Two professors have been recognized by the Faculty of Creative and Critical Studies (FCCS) as its top teachers in terms of teaching excellence and innovation.
Allison Hargreaves has been named the first winner of the FCCS Teaching Excellence Award and Karis Shearer has been named the first winner of the FCCS Teaching Innovation Award.
Hargreaves was given the award based on her ability to inspire students. In her teaching evaluations one student commented her course was “life-changing,” and that the course material was so engaging that students regularly arrived early in order to allow time for more discussion.
The FCCS awards committee was particularly impressed with her dedication and the way she carried her teaching philosophy into the classroom.
Shearer was given the award on the strength of her innovative teaching approaches, particularly for her recent Canadian Poetry On and Off the Page course. This course asked students to create their own poetry experiments and provided them opportunities to engage with several important contemporary Canadian poets.
The FCCS awards committee noted the extensive experiences this course encouraged and remarked that Shearer encouraged not just innovative poetry, but innovative learning methods inside and outside the classroom.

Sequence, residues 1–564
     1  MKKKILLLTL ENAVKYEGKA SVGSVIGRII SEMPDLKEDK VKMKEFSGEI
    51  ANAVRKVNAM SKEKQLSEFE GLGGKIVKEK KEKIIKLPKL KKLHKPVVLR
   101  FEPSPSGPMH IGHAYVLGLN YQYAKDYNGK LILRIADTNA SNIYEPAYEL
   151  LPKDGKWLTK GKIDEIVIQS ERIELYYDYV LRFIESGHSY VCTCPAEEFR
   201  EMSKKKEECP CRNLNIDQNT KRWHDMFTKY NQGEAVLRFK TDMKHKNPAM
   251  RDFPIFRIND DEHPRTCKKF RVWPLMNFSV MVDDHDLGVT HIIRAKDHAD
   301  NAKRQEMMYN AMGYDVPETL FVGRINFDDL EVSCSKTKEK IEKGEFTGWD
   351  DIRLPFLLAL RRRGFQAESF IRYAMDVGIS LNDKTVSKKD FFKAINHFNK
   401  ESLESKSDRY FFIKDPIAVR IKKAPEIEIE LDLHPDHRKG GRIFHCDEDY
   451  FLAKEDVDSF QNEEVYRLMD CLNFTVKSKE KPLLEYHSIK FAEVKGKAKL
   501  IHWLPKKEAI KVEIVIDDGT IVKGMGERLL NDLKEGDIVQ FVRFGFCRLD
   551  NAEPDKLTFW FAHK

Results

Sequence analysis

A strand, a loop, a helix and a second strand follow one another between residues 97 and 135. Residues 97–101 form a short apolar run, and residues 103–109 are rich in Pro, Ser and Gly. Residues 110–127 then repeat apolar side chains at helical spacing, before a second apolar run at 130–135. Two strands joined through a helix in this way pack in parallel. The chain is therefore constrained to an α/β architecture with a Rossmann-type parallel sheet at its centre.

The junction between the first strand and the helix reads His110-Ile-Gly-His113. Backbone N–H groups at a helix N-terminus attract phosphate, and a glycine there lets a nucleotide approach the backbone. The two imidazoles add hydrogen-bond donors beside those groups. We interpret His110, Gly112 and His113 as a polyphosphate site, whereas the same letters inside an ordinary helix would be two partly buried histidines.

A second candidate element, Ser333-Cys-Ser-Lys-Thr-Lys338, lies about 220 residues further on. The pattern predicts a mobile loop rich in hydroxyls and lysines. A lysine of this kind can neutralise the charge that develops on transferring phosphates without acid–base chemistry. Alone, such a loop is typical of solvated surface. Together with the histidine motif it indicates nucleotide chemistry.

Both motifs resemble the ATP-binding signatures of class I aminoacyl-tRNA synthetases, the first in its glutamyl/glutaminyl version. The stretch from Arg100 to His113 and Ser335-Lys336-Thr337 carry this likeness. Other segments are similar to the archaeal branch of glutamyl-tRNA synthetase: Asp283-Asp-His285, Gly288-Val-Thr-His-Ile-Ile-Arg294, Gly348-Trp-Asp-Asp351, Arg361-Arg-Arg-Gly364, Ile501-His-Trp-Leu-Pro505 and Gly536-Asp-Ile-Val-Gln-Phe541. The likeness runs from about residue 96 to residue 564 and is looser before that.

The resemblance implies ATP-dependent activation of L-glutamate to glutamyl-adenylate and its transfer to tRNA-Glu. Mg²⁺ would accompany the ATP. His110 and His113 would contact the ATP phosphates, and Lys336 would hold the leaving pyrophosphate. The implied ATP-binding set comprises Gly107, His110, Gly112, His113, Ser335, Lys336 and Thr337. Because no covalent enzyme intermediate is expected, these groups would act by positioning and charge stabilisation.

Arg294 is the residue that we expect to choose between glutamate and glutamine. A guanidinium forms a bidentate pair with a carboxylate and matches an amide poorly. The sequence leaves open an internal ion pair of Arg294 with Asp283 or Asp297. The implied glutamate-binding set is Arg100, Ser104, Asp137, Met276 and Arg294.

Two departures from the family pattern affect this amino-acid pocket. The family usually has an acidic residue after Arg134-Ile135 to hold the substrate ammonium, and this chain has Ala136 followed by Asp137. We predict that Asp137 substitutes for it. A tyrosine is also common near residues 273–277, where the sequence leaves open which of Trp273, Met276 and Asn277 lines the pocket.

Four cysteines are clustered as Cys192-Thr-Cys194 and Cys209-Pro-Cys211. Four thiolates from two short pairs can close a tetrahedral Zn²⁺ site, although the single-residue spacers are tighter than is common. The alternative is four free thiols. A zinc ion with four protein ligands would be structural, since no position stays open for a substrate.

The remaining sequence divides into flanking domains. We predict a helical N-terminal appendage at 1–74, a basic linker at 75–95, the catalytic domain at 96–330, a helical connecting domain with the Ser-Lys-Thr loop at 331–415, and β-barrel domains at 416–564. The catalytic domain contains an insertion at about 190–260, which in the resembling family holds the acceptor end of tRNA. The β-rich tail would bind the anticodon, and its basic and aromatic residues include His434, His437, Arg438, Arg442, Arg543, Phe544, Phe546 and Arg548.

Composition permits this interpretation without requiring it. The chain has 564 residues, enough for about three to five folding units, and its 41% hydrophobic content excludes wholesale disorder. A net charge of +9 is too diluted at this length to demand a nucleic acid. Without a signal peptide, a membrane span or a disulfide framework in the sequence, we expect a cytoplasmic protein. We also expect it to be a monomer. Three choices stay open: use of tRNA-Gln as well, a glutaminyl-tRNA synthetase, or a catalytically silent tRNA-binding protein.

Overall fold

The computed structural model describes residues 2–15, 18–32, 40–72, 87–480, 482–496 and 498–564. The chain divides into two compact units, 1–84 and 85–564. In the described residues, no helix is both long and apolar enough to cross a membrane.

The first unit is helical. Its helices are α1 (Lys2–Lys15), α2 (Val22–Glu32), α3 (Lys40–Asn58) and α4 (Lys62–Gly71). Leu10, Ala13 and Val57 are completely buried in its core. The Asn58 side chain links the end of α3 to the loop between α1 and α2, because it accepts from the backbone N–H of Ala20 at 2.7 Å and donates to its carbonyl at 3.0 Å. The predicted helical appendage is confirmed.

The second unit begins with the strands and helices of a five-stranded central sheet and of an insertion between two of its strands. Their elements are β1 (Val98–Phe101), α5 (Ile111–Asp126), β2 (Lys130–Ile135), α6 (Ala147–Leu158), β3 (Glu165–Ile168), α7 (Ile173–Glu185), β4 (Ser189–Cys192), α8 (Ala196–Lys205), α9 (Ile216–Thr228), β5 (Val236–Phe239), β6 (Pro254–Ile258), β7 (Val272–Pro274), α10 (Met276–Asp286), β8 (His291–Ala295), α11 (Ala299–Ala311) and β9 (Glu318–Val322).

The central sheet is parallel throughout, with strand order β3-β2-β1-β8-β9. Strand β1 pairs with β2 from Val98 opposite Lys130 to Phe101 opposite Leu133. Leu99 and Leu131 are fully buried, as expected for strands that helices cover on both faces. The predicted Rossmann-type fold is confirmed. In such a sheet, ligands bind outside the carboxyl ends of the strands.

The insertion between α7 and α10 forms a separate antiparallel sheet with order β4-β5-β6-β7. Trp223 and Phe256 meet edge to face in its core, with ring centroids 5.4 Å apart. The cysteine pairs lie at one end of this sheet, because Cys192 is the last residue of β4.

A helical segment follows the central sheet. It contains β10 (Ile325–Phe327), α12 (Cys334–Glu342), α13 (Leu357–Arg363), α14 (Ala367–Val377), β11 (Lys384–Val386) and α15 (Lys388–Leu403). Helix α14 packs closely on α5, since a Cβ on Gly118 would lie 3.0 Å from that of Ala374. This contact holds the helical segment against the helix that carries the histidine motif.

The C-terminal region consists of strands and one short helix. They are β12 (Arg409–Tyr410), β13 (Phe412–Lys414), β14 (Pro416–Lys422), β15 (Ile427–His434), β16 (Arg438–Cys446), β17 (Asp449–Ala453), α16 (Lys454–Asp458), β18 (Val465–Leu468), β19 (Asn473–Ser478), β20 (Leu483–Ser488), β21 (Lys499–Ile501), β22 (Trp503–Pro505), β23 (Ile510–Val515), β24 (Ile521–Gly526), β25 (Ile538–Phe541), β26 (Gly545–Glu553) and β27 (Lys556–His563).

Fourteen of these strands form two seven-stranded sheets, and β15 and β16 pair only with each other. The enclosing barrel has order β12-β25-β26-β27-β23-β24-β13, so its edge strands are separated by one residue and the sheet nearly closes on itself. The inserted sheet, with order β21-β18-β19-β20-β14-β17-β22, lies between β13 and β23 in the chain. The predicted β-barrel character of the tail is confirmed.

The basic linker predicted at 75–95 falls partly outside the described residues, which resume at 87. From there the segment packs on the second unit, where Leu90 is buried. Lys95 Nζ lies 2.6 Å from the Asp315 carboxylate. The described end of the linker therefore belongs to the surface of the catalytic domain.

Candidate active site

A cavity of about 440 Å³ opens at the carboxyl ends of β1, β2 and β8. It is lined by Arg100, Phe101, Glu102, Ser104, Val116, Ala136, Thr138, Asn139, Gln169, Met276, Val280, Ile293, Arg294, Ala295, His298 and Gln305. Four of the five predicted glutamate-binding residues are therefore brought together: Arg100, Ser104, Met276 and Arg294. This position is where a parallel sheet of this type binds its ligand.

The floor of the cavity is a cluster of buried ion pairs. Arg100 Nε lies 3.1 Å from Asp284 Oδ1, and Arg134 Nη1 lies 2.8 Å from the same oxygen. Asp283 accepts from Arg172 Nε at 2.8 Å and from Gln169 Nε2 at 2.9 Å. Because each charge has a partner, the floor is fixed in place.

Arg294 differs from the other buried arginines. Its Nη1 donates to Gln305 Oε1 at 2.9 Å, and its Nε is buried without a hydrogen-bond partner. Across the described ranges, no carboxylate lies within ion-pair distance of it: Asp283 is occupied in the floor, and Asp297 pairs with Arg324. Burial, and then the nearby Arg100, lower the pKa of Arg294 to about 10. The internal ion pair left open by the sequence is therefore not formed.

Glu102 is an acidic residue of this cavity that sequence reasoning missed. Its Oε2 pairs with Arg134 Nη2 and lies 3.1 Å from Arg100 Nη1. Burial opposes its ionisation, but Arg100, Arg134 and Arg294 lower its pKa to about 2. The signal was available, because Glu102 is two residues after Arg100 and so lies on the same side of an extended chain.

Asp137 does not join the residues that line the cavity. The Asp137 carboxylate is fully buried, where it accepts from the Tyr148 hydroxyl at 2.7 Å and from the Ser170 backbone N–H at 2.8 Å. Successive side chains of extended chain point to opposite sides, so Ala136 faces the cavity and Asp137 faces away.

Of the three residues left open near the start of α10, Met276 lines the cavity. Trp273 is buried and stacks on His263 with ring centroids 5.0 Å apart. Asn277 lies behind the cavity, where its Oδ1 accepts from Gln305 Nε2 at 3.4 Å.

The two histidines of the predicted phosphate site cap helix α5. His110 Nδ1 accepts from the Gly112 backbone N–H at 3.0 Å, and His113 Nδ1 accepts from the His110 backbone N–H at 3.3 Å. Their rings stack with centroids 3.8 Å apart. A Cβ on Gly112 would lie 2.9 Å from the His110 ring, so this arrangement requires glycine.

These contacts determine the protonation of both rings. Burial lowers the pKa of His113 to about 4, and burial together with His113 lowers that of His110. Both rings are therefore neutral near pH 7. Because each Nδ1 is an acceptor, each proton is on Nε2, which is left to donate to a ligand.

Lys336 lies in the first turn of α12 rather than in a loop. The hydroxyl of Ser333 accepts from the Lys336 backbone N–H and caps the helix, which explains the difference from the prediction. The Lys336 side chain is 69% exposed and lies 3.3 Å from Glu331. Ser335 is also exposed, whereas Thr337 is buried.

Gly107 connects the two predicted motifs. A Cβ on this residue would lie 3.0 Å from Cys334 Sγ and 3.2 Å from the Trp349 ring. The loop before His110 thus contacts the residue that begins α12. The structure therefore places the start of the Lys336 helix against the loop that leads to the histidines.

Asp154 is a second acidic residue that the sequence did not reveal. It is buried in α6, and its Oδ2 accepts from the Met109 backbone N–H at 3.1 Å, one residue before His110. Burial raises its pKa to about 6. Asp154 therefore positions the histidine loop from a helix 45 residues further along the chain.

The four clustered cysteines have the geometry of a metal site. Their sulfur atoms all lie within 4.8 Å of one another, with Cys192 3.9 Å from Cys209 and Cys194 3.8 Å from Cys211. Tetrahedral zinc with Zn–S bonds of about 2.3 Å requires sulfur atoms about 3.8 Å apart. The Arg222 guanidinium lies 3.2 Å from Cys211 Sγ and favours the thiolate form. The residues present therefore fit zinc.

FCCS Dean Wisdom Tettey was on hand to present the awards on August 27, 2013 and said that “FCCS values teaching excellence and innovation as fundamental pillars of its mandate and the awards are an expression of the recognition that is due our colleagues. Drs. Hargreaves and Shearer exemplify our commitment to providing the highest quality learning experience for our students. They are helping to sustain and to build on the long tradition of pedagogical excellence that our Faculty is known for through engaging, transformative, cutting edge, socially conscious, and globally oriented instructional content and approaches. “
Tettey was also excited to present the sculptures that accompany the awards, both of which were created by FCCS student Michael Kiss. Kiss primarily works with sculpture, exploring organic and industrial forms through stone, metal and wood.
“FCCS commissioned Mr. Kiss based on the impressive body and quality of work that he has produced as a student,” said Tettey. “His work starts with a basic concept, but this evolves as the process unfolds. He represents the caliber of student that emerges from the inspiring learning environments nurtured by colleagues such as Allison and Karis.”
Kiss’ commission allowed him to create 14 sculptures that will be used for a number of future FCCS awards.